|Artwork by Gavin, a winner in the Cold Spring Children's Art Contest.|
By Robin Gee, city council beat editorAt a short September 28 meeting, the Cold Spring City Council elected former council member Brenda Helton-Rodgers to serve out the remaining term vacated by Michael Ruscher who resigned earlier in the month.
Ruscher left council before the end of his term because he moved out of the city. Council member Chris Ampfer nominated and Lisa Cavanaugh seconded Helton-Rodgers to fill the position that runs through December 31.
Helton-Rodgers was one of five candidates for the position. She has more than 20 years’ experience as a former Cold Spring council member and also served on the city’s Planning and Zoning commission, said Ampfer.
Mayor D. Angelo Penque also reappointed Donna Farr to serve on the Code Enforcement Board for the city. She will serve a four-year term.
First reading of property tax rate
City council members voted to approve the first reading of the 2020 property tax rate. The proposed rate will be the compensating rate of .154 per $100 in valuation. This is the second year in a row city officials have taken the compensating rate only, and it is two points lower than 2019.
Council member Paul Kloeker credited city administration, staff and council for taking careful fiscal responsibility to enable the city to be able to budget to take only the compensating rate.
Halloween is on in Cold Spring parks and neighborhoods
Penque said mayors in Campbell County have been meeting and decided to host trick or treating this year at the same time. Trick or treating in Cold Spring will take place on Halloween — Saturday, October 31, from 6 to 8 p.m.
He also announced that city staff is volunteering time to hand out candy at the same time in the city parks. He invited council members to volunteer as well and thanked staff for suggesting and planning the event.
The Northern Kentucky Health Department is expected to issue health and safety guidelines for Halloween soon.
Children’s Art Contest winners announced
The mayor announced winners in four different age categories in the citywide Children’s Art Contest. The winners depicted scenes from throughout the city. They were:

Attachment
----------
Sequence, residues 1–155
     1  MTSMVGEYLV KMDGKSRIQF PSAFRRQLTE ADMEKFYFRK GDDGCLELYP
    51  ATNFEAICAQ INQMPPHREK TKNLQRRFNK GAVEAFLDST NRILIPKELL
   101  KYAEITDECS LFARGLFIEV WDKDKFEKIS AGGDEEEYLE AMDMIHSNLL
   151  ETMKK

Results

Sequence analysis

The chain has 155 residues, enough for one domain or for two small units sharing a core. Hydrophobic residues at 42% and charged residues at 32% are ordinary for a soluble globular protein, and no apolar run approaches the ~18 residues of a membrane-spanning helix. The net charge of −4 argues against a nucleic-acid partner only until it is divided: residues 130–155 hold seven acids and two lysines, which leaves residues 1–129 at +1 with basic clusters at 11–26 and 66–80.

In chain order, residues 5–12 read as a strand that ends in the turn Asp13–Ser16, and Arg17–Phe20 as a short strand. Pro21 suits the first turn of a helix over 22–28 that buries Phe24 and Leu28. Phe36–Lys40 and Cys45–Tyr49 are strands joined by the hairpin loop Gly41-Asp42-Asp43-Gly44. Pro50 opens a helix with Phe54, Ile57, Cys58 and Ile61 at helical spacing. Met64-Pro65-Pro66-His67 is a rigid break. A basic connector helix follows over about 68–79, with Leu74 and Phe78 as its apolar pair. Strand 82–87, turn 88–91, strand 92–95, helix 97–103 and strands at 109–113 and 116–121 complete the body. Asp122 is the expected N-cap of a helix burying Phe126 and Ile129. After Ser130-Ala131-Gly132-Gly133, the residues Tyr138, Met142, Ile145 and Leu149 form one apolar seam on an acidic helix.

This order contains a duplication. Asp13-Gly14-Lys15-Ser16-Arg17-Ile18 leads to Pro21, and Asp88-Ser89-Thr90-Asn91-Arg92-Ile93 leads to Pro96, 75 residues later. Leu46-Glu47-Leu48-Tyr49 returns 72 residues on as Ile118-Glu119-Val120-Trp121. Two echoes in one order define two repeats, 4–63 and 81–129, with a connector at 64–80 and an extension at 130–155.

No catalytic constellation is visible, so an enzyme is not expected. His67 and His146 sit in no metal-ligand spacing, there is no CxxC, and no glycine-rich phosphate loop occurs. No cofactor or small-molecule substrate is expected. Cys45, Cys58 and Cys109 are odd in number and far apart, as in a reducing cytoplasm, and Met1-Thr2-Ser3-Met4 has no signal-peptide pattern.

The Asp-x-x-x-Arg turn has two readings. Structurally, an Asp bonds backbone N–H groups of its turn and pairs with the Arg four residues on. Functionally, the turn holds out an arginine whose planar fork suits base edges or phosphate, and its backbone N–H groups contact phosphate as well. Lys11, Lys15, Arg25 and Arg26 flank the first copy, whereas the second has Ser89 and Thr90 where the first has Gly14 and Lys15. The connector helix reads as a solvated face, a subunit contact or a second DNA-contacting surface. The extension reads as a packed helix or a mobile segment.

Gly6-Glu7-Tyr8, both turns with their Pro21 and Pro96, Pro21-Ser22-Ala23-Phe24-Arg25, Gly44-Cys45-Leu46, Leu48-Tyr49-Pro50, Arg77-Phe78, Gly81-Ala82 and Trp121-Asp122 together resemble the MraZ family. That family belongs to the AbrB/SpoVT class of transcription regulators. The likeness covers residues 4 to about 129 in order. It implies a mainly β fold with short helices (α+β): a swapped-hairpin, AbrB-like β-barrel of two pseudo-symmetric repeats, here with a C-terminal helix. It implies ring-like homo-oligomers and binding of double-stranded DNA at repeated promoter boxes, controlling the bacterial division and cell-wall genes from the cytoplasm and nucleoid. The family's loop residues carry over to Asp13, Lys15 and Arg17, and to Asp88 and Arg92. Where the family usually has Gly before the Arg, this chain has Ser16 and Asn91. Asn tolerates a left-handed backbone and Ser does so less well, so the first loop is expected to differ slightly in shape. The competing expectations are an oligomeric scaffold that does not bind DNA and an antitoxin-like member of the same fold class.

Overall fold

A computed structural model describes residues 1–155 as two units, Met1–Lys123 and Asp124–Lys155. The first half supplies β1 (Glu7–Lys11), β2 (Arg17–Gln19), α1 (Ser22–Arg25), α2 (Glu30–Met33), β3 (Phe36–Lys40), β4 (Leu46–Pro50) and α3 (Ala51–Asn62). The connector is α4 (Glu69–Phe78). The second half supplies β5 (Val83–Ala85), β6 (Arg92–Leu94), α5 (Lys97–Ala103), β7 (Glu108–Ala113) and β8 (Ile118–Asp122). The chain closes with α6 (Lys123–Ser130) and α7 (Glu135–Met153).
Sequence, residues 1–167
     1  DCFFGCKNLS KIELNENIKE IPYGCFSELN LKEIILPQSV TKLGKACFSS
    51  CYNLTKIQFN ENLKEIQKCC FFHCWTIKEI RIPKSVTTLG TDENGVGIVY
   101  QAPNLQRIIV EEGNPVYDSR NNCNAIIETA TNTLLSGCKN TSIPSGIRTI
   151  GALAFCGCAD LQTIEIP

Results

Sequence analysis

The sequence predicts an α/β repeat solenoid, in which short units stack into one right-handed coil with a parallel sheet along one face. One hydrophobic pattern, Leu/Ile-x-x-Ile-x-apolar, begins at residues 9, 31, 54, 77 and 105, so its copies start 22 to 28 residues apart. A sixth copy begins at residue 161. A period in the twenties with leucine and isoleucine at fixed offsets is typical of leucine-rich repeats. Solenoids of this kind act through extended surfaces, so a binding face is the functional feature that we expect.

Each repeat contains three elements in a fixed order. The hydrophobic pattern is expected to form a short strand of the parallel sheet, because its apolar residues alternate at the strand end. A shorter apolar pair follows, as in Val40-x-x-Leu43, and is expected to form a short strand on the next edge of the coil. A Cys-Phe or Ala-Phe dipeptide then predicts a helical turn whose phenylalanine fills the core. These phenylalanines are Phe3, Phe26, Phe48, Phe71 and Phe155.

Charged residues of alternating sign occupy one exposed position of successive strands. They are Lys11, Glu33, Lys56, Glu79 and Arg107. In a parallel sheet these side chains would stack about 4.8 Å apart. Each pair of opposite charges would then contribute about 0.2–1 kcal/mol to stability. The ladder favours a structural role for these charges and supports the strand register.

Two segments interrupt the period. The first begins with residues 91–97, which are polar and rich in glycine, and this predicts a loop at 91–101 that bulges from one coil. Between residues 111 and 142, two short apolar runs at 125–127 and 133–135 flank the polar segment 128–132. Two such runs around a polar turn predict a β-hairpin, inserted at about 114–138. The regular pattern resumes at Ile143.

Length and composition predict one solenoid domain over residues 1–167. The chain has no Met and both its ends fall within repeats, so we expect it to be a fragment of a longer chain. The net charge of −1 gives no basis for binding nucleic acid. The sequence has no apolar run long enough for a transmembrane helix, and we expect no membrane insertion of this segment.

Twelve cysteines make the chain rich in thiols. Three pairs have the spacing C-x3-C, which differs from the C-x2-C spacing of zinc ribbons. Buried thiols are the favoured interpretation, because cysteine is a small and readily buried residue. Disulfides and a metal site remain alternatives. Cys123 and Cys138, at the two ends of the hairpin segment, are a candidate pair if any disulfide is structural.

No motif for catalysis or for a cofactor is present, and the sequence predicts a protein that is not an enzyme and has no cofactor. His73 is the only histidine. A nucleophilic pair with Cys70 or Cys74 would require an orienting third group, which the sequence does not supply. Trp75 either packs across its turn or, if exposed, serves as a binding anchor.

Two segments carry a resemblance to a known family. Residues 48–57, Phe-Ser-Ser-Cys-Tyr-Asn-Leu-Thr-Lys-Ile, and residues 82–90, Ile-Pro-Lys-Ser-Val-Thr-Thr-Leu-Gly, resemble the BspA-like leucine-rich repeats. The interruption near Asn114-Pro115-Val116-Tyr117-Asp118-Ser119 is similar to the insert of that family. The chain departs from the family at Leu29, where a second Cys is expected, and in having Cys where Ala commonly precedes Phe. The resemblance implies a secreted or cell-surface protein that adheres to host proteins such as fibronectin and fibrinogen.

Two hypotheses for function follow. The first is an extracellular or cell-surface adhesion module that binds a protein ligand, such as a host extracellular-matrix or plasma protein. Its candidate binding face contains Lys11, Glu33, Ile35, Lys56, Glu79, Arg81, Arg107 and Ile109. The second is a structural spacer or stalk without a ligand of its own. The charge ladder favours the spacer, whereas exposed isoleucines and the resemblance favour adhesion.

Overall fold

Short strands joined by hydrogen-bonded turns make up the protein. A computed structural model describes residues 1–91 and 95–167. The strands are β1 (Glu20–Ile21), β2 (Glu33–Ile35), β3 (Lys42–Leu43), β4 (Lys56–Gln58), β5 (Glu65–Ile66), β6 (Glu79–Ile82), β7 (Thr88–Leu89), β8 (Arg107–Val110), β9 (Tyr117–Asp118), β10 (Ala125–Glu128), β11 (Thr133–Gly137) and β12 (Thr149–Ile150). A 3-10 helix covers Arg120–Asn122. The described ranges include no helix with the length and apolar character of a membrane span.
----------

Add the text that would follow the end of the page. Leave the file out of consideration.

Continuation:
- Adelyn C., age 3, in the 0- to 3-year-old category for "Pond Off Darlas Drive"
- Scarlett G., age 6, in the 4- to 7-year-old category for "Fireworks and Sunset at the Robert J. Barth Lake Park"
- Gavin K., age 11, in the 8- to 11-year-old category for "Cold Spring City Sign at US 27 and E. Alexandria Pike"
- Jaden C., age 15, in the 12- to 16-year-old category for "Veteran Monument and City Building"
|"Pond Off Darlas Drive" by Adelyn|
|"Fireworks and Sunset at the Robert J. Barth Lake Park” by Scarlett|
|"Veteran Monument and City Building” by Jaden|
Discussion and disagreements
A member of the audience addressed council but did not give her name. She brought up concerns that council member Cindy Moore had handed out a letter after being censured by the council at a meeting earlier in the month, and the resident felt it contained inaccurate information.
This later opened a discussion between members of council about a letter that has been circulating by Moore that reiterates complaints she has made over the past year. An exchange between council members Ampfer, Cavanaugh and Moore discussed her complaints and the responses she has received to her concerns.
"It came to my attention that Cindy’s been passing out information in some of the neighborhoods trying to paint the mayor in bad light," said Ampfer. "She’s brought this up several times. I don’t know why she keeps doing this but everything the mayor does he does for the city. To insinuate that he is misspending money is incorrect. We pass a budget every year. We all get to look at it. It’s not our duty to look at line by line spending as Cindy wishes to do."
Moore has voiced concerns about the pay raise voted on by council that would increase council pay by $400 for incoming members. She also expressed concerns about spending by the mayor, including the purchase of wifi to have while away on vacation and said the mayor had ended a requirement for standing advisory committees.
Ampfer and Cavanaugh addressed these concerns. Cavanaugh noted that the removal of advisory committees was a council decision made in August 2019. She also explained, as part of his duties, the mayor is expected to be available in the case of emergencies even on vacation, and the wifi purchase was to ensure he could be reached if needed.
"My understanding is that when the mayor is gone a certain distance, he appoints somebody to be in charge, however, the mayor has to be contacted in an emergency... it was a necessary expense as part of his job. That was brought up, and there was nothing out of the ordinary about that. I want to clarify that,” said Cavanaugh.
Moore said her concerns stemmed from differences between what was written in some ordinances and what is happening in practice. She said, if the ordinance language is wrong or unclear, it should be changed.
Cavanaugh responded "I would agree we can look at ordinances, but not what is being done, which is spreading these falsehoods. My point in speaking about this is to clarify the facts about the wifi, the advisory committees and other claims."